Fresh vegetables will breathe new life into your jarred spaghetti sauce, but they must first be sautéed before being added to the sauce. Don’t put raw veggies immediately into the sauce; they’ll either be crunchy or will take an hour to soften depending on how long they’ve been cooking. Cook chopped veggies in a few tablespoons of olive oil, or some rendered fat from sausage or ground beef, until they’re soft and aromatic, about 10 minutes. This gives the spaghetti sauce a chunky handmade taste when combined with it.
Great veggie additions:
For those who like a rich meaty sauce, they can choose for a classic hamburger or experiment with some delectable alternatives. Cook your protein of choice in a skillet until it is browned, then transfer to a large mixing bowl. If there is any fat remaining in the skillet, drain it all except for about 1 tablespoon (which will be used to sauté the vegetables). You will not need as much if you are substituting pancetta, pepperoni, or salami for the bacon. If you’re making a 24-ounce jar of spaghetti sauce, one-half to three-quarter cup should be plenty.
- Ground beef, Italian sausage, ground pork, and leftover chicken are all good options.
- Ground turkey, ground chicken, pulled pork, ground bison
- All of these are options.
5. Raid the pantry
You’d be amazed at how nicely antipasto dishes pair with a classic pasta sauce like Alfredo. With the addition of olives, artichokes, and sweet roasted peppers, tinned tomato sauce will take on a whole new flavor profile. There’s no need to cook canned vegetables; simply drain them well and chop them finely (if necessary) to create a chunky pasta sauce that’s bursting with Italian flavors.
6. The spice jar
Incorporating dried herbs and spices into pre-made marinara can significantly improve its flavor and/or completely transform the sauce’s appearance. Yes, the typical herbs such as basil, oregano, marjoram, and bay leaf are OK. However, a dash of cayenne pepper or some crushed red pepper flakes will give this dish a fiery, tempting kick. Also, try chopping up entire fennel seed to bring forth a subtle anise taste that is characteristic of Italy. Sauté the vegetables with the spices for a few minutes, until the aromas begin to permeate the room.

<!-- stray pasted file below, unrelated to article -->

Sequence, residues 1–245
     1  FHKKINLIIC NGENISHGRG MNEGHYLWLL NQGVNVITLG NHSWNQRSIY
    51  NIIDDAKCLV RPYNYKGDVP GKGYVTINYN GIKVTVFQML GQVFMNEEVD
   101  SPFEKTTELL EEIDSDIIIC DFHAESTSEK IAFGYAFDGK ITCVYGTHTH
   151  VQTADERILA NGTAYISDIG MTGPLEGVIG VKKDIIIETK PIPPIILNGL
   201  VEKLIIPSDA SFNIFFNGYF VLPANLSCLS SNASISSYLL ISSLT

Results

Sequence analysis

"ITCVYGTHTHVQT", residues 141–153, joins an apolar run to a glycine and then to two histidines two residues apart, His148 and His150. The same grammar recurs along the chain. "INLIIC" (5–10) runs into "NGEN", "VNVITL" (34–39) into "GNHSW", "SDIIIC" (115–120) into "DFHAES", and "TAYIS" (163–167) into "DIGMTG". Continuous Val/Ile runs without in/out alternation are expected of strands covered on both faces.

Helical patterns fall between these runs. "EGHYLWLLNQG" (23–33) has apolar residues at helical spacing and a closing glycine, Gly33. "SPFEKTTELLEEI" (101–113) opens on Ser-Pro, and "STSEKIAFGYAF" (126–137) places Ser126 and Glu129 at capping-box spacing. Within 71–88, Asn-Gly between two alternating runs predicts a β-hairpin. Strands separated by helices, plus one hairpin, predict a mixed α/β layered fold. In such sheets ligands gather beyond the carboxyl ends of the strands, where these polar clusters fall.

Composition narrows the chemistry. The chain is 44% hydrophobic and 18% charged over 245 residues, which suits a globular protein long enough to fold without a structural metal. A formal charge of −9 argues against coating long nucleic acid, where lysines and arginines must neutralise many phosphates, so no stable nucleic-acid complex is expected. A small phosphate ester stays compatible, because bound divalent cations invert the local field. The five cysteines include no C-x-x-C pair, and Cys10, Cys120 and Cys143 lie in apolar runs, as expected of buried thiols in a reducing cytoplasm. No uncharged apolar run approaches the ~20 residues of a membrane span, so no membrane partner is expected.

It just takes a minute for the garlic to get aromatic, and if the chopped garlic is introduced too soon after the vegetables, it will burn.
7. The wino and I know…
Sauces made from jars benefit from a few sips of wine (red or white) or other types of alcohol to enhance their flavor. When it comes to wine, choose a brand that you enjoy drinking. It does not have to be an expensive bottle of wine; just a quality table wine would suffice. To make the sauce, use around 1/3 to 1/2 cup. Pro Tip: I pour the wine right into the pasta sauce container, screw on the top, then shake it up to mix everything together. The wine will loosen any remaining marinara sauce in the jar, allowing you to pour it directly into the spaghetti sauce together with the wine at the same time, saving you time.
8. Moo-ve over
Simple canned spaghetti sauce may be converted into a rich, creamy, and luxurious sauce by adding. you guessed it. cream. Cream. To thicken a store-bought marinara, whisk in heavy whipping cream (or normal) and cook at a moderate boil until the sauce has thickened. When heated, heavy whipping cream is sufficiently stable to ensure that it does not degrade. In comparison to whole milk, half and half has a lower fat content and is less rugged; if you choose to use half and half, wait until you’ve removed the sauce from the heat before stirring it in.